Because every heart deserves to live a lifetime.

Devil in the Slot

March 2, 2010

BONUS: 100 Karma Points to the first person who can leave a comment telling me where the title of this post originated!

You have a heart defect.

No, I’m not talking about the 1 in 125 of us who live with a Congenital Heart Defect, I’m talking about YOU. Mr. or Mrs. Average. You were born with a heart defect. Two of them, actually.

Obviously, you don’t need to breathe while you are still in your mother’s womb. You can’t breathe, unless you can somehow magically breathe fluid. So your lungs are “turned off” and you have two small defects that allow the heart to function but blood to bypass the lungs and pick up its oxygen from your mother. When you are born and you take your first breath, the body sends a signal to those two defects to shut down and for the lungs to take over.

(Pretty cool, huh?)

One of these small defects is called the foramen ovale and it is really a very small Atrial Septal Defect. In fact, it isn’t really a hole in the septum, it is two overlapping flaps. When you begin to breathe and blood begins to flow properly, these two flaps will eventually seal closed and everything will be great. In about 30% of people, however, it doesn’t close. When that happens, it is called a patent foramen ovale, sometimes called a PFO (“patent” means “stuck open”).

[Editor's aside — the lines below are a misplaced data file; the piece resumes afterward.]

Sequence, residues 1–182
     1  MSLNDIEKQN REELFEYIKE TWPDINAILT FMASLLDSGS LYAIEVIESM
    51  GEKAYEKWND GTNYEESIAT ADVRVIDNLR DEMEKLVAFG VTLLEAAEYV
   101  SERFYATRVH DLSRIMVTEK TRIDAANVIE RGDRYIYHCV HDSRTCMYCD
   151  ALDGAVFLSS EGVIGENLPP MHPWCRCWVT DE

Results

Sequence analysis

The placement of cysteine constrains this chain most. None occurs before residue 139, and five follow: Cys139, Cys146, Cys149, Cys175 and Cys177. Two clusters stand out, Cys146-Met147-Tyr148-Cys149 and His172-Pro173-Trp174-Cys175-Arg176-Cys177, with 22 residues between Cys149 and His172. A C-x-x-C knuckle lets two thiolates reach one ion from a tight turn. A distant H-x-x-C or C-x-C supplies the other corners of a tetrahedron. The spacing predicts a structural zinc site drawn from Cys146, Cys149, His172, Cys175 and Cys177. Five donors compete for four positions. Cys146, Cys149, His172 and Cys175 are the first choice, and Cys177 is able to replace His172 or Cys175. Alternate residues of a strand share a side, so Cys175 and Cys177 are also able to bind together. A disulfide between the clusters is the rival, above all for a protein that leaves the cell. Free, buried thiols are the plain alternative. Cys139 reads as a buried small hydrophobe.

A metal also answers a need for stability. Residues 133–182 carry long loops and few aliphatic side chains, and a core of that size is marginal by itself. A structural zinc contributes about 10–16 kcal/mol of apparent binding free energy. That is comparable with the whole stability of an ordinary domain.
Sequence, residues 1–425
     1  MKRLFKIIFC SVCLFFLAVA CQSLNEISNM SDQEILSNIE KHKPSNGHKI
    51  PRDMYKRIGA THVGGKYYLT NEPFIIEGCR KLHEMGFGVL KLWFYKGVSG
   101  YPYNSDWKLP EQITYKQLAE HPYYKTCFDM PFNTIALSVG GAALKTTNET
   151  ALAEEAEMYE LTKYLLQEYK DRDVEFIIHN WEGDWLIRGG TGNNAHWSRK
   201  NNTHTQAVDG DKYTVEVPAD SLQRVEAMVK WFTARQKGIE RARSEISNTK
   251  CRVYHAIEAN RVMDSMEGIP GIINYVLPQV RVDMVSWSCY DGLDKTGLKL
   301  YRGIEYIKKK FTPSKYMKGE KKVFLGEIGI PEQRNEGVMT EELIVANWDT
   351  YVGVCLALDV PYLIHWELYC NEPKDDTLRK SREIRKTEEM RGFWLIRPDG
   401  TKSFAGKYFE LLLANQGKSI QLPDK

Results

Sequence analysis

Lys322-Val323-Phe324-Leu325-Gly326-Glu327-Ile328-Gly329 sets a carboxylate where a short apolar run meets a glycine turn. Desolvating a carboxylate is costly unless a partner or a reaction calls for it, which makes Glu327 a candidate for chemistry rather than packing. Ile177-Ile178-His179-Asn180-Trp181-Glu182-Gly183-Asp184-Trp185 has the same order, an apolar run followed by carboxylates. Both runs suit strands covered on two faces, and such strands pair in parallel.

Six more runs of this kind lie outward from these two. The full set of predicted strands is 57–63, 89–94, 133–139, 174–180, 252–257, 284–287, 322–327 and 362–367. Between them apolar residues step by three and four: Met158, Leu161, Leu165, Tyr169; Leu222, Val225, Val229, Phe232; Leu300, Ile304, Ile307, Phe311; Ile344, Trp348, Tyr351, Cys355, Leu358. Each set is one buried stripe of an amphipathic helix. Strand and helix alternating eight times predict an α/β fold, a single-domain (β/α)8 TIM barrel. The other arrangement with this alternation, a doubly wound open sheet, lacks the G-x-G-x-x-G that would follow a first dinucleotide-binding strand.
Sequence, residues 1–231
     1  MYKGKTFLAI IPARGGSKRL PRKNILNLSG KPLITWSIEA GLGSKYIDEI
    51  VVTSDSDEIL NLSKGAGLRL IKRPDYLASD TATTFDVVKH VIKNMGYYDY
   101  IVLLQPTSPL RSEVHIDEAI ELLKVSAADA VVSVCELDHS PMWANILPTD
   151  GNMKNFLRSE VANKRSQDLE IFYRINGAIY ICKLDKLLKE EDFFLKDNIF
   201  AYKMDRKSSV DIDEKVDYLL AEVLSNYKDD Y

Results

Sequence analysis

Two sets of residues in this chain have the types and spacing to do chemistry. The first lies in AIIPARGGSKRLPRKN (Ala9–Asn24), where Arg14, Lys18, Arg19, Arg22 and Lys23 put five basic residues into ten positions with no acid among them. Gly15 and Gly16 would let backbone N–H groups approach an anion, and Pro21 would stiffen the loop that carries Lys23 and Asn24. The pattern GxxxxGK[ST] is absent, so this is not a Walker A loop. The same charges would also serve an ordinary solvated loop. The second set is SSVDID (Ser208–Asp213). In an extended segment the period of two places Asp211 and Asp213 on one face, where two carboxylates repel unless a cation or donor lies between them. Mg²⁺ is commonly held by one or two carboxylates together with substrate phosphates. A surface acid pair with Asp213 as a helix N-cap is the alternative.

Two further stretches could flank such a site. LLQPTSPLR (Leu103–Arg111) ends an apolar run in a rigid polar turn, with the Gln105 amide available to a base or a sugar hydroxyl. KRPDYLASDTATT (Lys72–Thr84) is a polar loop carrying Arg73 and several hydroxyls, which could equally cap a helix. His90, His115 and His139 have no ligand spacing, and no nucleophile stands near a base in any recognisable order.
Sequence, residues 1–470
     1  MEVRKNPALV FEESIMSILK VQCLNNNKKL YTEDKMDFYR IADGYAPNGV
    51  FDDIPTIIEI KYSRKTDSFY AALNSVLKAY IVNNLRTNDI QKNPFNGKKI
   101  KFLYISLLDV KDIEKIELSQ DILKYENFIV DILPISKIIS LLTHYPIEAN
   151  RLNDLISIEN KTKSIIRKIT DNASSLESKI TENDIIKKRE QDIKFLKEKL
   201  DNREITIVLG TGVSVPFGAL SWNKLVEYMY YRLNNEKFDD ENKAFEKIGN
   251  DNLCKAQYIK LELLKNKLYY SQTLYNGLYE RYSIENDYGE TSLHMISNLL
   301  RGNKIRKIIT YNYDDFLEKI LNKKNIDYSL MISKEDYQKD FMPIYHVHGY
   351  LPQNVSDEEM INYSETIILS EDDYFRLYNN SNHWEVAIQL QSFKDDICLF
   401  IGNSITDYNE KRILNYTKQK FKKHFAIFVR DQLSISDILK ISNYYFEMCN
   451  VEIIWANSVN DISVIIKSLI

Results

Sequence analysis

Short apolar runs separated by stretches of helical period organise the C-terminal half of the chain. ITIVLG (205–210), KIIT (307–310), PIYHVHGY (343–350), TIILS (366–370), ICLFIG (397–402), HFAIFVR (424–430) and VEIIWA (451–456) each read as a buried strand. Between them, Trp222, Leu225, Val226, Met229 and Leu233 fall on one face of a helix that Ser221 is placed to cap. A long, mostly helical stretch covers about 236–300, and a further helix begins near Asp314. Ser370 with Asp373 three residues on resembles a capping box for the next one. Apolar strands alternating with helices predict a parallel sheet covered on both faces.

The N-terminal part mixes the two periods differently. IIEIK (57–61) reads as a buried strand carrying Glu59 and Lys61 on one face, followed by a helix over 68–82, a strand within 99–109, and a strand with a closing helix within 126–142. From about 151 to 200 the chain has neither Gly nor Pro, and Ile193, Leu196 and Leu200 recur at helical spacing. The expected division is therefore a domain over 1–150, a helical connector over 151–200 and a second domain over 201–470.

Many times this doesn’t cause much of a problem; sometimes it is even undetectable unless the patient coughs while having an ultrasound.

Now here is the problem: when a person has a PFO, or when it is slow to close, occasionally a small “pouch” forms in the wall of the Left Atrium. Doctors at the University of California at Irvine recently found that pouch while doing autopsy research, and it could be the source of several problems.

That little pouch is nice and quiet; any blood that gets in there settles down – it’s no longer part of the normal blood flow, and it is pretty calm in there. While the heart is pumping and blood is churning all around it, it’s a nice quiet little neighborhood… almost a gated community. (This Link has a good explanation and has a nice drawing of the pouch about halfway through the article. )